As an investor in a financial market, one must keep an open mind and strive to learn more about strategies that make the most of market conditions – even during periods of low-volatility. Whether you are a new or a seasoned options trader, a useful strategy that might be worth knowing about is the short strangle option strategy that benefits from range-bound price action. Read on to know more about the short strangle:

How are Options Traded?

Before we delve into the question of ‘what is short strangle’ and how the strategy is implemented, let us establish context by reviewing the concept of options trading. Options fall under the category of derivatives, a type of financial instruments that derive their value from an underlying asset.

Trading in options is done by the means of contracts that stipulate that the buyer has a right but not an obligation to buy or sell an asset before a predetermined date, at a given price. This is known as the strike price. Meanwhile, the options that provide for the purchase of assets are known as call options while those that allow sale of assets are known as put options. These concepts are essential to understanding how the short strangle option strategy works.

What is the Short Strangle Strategy?

In the context of options trading as explained above, a short strangle strategy is a neutral strategy and allows an investor to benefit from the status quo in a financial market. A short strangle position is held when an investor simultaneously sells a slightly out-of-the-money call option as well as an out-of-the-money put option of the same underlying asset with the same expiration date. However, the strike prices for both are different.

As the short strangle strategy deals with the selling of options, it is also often referred to as the sell strangle. The sell strangle option is ideal for when an options trader believes that the market will experience very little to no volatility in near future. With the short strangle, the trader simply counts on the  possibility that as time passes, the value of the underlying asset will continue to remain between the two short strike prices.

How the Short Strangle Strategy Works

The short strangle is a strategy with limited profit potential. The opportunity for maximum profit in a short strangle strategy arises if on the expiration date, the value of the underlying asset is between the strike prices of the strangle. In such a case, the maximum profit earned by the investor is the difference between the net premium paid and the commissions paid.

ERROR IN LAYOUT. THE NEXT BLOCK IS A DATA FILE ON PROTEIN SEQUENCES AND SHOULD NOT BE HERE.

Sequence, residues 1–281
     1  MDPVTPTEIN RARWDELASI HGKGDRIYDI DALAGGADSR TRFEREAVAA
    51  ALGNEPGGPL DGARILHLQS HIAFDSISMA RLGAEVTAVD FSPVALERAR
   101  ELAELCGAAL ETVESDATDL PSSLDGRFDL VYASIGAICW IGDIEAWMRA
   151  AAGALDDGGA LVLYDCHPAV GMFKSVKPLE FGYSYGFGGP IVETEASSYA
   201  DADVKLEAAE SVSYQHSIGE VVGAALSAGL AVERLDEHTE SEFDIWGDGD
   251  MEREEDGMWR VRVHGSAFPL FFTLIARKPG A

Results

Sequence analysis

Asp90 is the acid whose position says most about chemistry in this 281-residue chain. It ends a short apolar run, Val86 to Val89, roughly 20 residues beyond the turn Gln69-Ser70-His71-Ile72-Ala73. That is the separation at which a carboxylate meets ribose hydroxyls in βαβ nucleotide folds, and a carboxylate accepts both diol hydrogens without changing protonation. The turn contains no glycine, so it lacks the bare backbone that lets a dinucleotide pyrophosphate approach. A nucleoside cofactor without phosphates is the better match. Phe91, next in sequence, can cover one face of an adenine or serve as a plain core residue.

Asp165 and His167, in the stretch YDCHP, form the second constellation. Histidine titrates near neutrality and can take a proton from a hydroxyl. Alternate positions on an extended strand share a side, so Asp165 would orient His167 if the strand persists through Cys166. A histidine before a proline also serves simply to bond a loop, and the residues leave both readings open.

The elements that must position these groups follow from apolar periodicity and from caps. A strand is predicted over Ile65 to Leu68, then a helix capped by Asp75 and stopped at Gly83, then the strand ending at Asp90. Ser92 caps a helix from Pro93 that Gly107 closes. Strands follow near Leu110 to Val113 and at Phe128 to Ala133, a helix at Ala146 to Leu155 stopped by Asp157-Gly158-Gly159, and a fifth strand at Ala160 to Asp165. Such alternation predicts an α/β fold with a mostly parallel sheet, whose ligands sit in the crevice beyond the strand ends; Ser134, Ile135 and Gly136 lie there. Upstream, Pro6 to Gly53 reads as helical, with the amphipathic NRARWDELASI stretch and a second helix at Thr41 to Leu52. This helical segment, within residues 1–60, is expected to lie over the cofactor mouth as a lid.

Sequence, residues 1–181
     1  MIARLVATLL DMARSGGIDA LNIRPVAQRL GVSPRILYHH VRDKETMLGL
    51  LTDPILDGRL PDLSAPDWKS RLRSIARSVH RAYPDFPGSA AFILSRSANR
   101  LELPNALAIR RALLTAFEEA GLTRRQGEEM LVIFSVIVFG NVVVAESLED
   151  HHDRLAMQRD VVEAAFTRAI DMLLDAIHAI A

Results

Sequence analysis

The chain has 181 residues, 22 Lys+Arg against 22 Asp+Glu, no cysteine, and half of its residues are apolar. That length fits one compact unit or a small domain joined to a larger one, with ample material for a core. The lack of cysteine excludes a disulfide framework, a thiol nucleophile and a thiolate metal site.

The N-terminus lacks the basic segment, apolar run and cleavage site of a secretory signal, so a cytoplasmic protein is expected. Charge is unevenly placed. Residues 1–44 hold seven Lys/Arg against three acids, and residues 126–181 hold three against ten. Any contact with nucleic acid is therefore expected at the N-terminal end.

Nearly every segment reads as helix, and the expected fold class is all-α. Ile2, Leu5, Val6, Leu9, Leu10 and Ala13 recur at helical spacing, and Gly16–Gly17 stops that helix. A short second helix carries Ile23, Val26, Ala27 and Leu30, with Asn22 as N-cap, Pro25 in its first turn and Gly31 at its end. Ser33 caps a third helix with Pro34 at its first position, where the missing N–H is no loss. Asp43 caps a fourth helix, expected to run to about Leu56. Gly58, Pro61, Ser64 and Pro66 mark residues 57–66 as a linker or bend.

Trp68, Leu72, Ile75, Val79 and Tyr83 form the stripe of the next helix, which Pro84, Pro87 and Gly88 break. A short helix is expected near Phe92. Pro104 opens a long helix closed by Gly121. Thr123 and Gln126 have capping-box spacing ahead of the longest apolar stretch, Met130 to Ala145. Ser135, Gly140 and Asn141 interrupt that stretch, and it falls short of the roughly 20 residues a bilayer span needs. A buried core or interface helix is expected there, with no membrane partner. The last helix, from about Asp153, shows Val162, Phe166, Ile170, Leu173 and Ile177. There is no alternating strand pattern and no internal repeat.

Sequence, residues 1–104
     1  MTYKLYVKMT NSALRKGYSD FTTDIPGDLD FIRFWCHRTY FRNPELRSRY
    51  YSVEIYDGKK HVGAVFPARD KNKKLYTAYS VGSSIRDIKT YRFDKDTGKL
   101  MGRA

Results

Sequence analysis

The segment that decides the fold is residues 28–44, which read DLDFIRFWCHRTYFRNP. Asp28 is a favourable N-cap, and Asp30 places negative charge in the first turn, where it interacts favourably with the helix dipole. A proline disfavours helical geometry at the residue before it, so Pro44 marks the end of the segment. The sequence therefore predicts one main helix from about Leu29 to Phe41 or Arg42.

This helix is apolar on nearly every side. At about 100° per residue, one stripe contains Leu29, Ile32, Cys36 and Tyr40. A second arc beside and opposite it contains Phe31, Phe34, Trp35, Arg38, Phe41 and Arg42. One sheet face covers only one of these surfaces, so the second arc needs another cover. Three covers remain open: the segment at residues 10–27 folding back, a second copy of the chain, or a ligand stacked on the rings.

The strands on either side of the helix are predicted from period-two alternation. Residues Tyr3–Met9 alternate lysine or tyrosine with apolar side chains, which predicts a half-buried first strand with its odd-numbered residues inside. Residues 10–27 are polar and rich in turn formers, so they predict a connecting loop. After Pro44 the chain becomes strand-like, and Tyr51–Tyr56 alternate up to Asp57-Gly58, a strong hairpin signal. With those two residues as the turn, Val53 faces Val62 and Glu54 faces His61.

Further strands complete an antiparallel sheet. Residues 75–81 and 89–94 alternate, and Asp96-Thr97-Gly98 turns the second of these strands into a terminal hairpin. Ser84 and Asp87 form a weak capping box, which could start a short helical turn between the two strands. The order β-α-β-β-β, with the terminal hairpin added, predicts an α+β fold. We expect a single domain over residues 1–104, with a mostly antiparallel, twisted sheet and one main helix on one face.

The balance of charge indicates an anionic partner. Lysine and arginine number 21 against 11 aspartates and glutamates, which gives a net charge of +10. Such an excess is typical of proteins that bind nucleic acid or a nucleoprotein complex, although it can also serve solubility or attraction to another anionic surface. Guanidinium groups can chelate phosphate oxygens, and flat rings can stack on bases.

However, the short strangle strategy also comes with an unlimited risk potential. The investor can experience a large loss in the event that the underlying asset experiences either a sharp rise or fall in price.

If the price of the asset ends up higher than the call strike, the put option expires and results in net premium, but the call option comes into effect and results in loss. Meanwhile, if the price of the asset ends up lower than the put strike, the call option expires and results in net premium, but the put option is exercised and leads to loss. Either way, the short strangle can lead to unlimited loss if the strike prices are not set with caution.

Tips for Short Strangle Strategy

With the unlimited risk potential that accompanies the short strangle option strategy, it is important for an options investor to keep in mind certain considerations before taking the position:

– The short strangle option strategyis ideal for circumstances where the market forecast is fairly neutral and there is only possibility for limited action in the market. For example, an appropriate opportunity for the short strangle is the intermediary period between major events or announcements that are certain to cause major price fluctuations.

– Another good opportunity for theshort strangle strategy is when the trader feels that the options are overvalued and the predicted volatility seems on the higher end. It gives the investor a chance to profit from the price correction.

– The investor should also ensure that the time frame to the expiration date remains short, with 1 month being the maximum, to make the most of time decay.

Conclusion

The short strangle strategy  allows investors to make the most of low-volatility periods in the market. When the right assets are selected and the strike prices are chosen wisely, the short strangle strategy can be a beneficial strategy in the periods between big price-fluctuating announcements. However, as with all strategies, an investor must proceed at his or her own discretion to ensure the best possible outcome.